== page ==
Mormon Statement on 2012 US Election
Following the presidential election of 2012, The Church of Jesus Christ of Latter-day Saints, whose members are often nicknamed Mormons, issued an official statement. One candidate for the office of president was Mormon Mitt Romney. The other was the sitting president, Barack Obama. The Church has a policy of not endorsing candidates for office and so they had issued no endorsement for this race, despite the presence of a Mormon on the ticket. They deflected all questions about Mitt Romney and questions about his faith were answered only in terms of the religion, leaving him out of the subject.
In the statement, church leaders congratulated President Obama on winning a second term. They reminded members that Mormons have a tradition of praying for our leaders both privately and in public prayers given in our congregations. They called for Americans to put aside their political differences now and to pray for the president, his administration, and Congress as they work on the challenges facing the country. They offered a hope that all these leaders would reflect wisdom and judgment as they carry out their duties.
The Church also commended Governor Romney for choosing to run for president, a task which demands much of the candidate and his family. They wished him and his family the best in future endeavors.
The Mormons have frequently called for civility in political dealings and encouraged their members to be patriotic and respectful of their leaders. One of the 13th Articles of Faith, basic statements of belief written by the first Mormon prophet, says:
We believe in being subject to kings, presidents, rulers, and magistrates, in obeying, honoring, and sustaining the law.
Mormon leaders issued a call for civility in 2009. In it they said:
“The need for civility is perhaps most relevant in the realm of partisan politics. As the Church operates in countries around the world, it embraces the richness of pluralism. Thus, the political diversity of Latter-day Saints spans the ideological spectrum. Individual members are free to choose their own political philosophy and affiliation. Moreover, the Church itself is not aligned with any particular political ideology or movement. It defies category. Its moral values may be expressed in a number of parties and ideologies.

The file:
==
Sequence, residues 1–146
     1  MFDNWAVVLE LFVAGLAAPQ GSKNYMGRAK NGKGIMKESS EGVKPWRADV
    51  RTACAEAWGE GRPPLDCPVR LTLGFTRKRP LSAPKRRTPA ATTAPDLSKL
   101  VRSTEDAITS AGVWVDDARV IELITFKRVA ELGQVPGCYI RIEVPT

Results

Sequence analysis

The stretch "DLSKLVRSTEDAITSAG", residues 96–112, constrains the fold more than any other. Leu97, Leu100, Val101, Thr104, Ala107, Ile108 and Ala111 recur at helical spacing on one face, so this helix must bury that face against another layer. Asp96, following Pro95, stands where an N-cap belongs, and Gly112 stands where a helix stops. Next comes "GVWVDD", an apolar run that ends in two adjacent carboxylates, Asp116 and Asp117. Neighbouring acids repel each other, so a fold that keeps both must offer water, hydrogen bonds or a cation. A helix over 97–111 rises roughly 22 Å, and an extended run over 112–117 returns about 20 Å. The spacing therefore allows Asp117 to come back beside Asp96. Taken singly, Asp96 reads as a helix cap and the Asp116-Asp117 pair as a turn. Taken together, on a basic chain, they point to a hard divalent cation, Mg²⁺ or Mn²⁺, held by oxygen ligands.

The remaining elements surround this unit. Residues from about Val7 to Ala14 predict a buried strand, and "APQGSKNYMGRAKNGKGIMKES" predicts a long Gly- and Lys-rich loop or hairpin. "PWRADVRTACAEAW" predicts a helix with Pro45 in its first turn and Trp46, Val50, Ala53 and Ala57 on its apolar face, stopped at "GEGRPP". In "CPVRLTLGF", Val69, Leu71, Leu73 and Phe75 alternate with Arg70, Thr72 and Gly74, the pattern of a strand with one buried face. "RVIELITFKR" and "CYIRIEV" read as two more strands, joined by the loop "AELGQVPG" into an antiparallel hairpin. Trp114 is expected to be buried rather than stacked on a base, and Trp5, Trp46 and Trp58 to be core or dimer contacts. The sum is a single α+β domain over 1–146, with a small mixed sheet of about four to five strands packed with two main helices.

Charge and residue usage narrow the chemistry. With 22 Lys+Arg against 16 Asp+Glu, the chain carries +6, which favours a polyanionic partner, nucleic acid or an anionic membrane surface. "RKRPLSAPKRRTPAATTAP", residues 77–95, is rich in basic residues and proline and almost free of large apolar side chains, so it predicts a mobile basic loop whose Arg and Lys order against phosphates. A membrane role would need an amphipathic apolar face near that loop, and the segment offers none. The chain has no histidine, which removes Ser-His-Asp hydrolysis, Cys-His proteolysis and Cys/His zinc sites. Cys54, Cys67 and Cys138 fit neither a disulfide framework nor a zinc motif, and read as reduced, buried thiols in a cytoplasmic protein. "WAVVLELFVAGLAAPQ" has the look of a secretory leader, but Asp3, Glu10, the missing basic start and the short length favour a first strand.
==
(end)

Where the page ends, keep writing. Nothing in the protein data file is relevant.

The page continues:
Furthermore, the Church views with concern the politics of fear and rhetorical extremism that render civil discussion impossible. As the Church begins to rise in prominence and its members achieve a higher public profile, a diversity of voices and opinions naturally follows. Some may even mistake these voices as being authoritative or representative of the Church. However, individual members think and speak for themselves. Only the First Presidency and the Twelve Apostles speak for the whole Church.”
The statement following the election was typical of the Church’s non-partisan approach to politics. They speak on moral issues, which are the natural territory of faith, but in a non-partisan manner. Their stances on these issues seldom line up with either major party—and of course, since Mormonism is an international faith, there are many different parties involved in the lives of members. Mormons belong to both major parties in the United States. The Mormon approach to elections is to encourage members to study the issues and pray about their choices, and then to put aside differences and work for the good of the country civilly and in unity.
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